C.D.C. Now Says People Without Covid-19 Symptoms Do Not Need Testing

C.D.C. Now Says People Without Covid-19 Symptoms Do Not Need Testing

C.D.C. Now Says People Without Covid-19 Symptoms Do Not Need Testing

C.D.C. Now Says People Without Covid-19 Symptoms Do Not Need Testing

The newest version, which was posted on Monday, amended the agency’s guidance to say that people who have been in close contact with an infected individual — typically defined as being within six feet of a person with the coronavirus and for at least 15 minutes — “do not necessarily need a test” if they do not have symptoms. Exceptions, the agency noted, might be made for “vulnerable” individuals, or if health care providers or state or local public health officials recommend testing.

“Wow, that is a walk-back,” Dr. Butler-Wu said. “We’re in the middle of a pandemic, and that’s a really big change.”

Dr. Butler-Wu said she was concerned that the guidelines would be misinterpreted as implying that people without symptoms were unable to pass the coronavirus on to others — a falsehood that experts had been trying for months to dispel. “If people are getting exposed, and they’re not getting tested, and they’re not isolating, that’s a huge problem,” Dr. Kuppalli said.

By the C.D.C.’s own estimates, roughly 40 percent of people infected with the coronavirus may never go on to develop symptoms, remaining asymptomatic for the duration of their tenure with the virus. These numbers are tentative — and ironically can’t be confirmed without more testing of people who appear entirely healthy.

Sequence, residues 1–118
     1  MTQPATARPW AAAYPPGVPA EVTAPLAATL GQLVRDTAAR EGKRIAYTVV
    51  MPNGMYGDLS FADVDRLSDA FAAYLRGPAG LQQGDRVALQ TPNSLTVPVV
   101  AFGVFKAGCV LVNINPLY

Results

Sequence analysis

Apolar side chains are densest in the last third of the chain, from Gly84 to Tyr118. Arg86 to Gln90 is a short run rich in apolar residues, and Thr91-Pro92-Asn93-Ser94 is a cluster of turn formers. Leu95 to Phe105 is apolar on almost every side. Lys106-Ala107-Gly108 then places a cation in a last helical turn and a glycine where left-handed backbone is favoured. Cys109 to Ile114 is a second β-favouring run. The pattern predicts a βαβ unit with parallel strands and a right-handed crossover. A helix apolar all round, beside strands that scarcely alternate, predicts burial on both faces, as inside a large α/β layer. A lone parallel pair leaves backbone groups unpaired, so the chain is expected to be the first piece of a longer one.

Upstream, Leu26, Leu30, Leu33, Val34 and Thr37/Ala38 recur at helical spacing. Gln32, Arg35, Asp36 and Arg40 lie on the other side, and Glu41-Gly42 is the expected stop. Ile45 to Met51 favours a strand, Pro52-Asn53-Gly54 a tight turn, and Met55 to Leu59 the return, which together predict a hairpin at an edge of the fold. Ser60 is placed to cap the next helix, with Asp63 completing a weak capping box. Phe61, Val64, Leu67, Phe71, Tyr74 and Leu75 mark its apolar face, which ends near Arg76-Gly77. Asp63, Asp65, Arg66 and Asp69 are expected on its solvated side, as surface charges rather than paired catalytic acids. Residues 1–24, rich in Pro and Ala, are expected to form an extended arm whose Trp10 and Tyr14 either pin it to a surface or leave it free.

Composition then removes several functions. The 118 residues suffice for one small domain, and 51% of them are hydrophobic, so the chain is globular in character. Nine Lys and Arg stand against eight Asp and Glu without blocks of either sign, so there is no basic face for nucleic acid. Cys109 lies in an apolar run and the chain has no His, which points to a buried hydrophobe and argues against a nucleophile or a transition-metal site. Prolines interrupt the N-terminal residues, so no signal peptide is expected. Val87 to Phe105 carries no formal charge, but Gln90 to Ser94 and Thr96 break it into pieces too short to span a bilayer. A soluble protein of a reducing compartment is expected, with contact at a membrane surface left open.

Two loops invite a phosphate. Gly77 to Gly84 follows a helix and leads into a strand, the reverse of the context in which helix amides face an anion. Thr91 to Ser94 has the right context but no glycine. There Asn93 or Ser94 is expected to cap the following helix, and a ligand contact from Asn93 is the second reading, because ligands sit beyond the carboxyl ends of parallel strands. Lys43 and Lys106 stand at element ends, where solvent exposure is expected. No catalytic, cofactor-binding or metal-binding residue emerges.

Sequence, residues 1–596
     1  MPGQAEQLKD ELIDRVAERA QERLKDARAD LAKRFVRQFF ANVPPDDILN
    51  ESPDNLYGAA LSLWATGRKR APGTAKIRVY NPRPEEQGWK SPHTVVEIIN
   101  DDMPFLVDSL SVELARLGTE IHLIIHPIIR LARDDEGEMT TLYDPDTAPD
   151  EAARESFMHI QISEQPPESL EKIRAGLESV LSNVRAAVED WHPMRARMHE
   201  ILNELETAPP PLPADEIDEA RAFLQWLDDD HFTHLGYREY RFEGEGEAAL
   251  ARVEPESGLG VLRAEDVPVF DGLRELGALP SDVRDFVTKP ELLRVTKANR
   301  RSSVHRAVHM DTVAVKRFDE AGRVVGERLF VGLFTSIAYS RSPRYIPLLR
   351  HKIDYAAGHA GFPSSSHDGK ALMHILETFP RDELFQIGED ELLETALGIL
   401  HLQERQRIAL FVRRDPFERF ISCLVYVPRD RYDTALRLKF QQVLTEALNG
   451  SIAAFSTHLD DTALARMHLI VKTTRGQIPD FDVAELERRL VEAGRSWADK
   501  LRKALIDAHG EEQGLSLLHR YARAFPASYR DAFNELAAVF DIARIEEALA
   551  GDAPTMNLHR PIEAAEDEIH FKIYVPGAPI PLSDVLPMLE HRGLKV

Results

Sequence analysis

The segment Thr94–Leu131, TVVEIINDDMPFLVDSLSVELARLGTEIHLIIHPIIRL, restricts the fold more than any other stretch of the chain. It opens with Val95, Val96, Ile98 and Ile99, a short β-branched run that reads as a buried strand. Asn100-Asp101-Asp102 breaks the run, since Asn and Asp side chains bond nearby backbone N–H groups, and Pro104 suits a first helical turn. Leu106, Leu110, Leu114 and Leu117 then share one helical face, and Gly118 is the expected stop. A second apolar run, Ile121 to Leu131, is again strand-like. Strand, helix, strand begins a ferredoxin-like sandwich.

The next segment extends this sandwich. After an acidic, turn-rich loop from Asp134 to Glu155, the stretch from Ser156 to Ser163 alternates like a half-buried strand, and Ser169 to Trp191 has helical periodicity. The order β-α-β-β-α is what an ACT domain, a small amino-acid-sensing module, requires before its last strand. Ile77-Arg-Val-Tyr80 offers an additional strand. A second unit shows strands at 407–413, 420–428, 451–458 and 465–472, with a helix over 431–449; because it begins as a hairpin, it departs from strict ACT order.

Although researchers remain unsure how often asymptomatic people unwittingly transmit the coronavirus, studies have shown that the silently infected can carry the virus in high amounts. The evidence is more clear-cut for pre-symptomatic people, in whom virus levels tend to peak just before illness sets in — a period when these individuals might be mingling with their peers, seeding superspreader events. Notably, experts can’t distinguish asymptomatic people from those who are pre-symptomatic until symptoms do or don’t appear.

“It seems backward to just ignore pre-symptomatic patients,” Dr. Butler-Wu said.

David Piegaro, who lives in Trenton, N.J., had sought out several tests for the coronavirus in recent months, after events like funerals and those that require travel because of his post in the national guard. He never experienced symptoms, and his tests have all been negative, bringing him peace of mind, especially because he lives with his parents and grandfather. “I viewed testing as a good thing to do,” he said. “Asymptomatic people could be spreading the virus, so widespread testing seems valuable.”

Tracking asymptomatic cases is also important from the perspective of the infected, Dr. Kuppalli said. Less than a year into this pandemic, experts still don’t know the full extent of the long-term consequences of contracting the coronavirus, even if the initial encounter seems benign.


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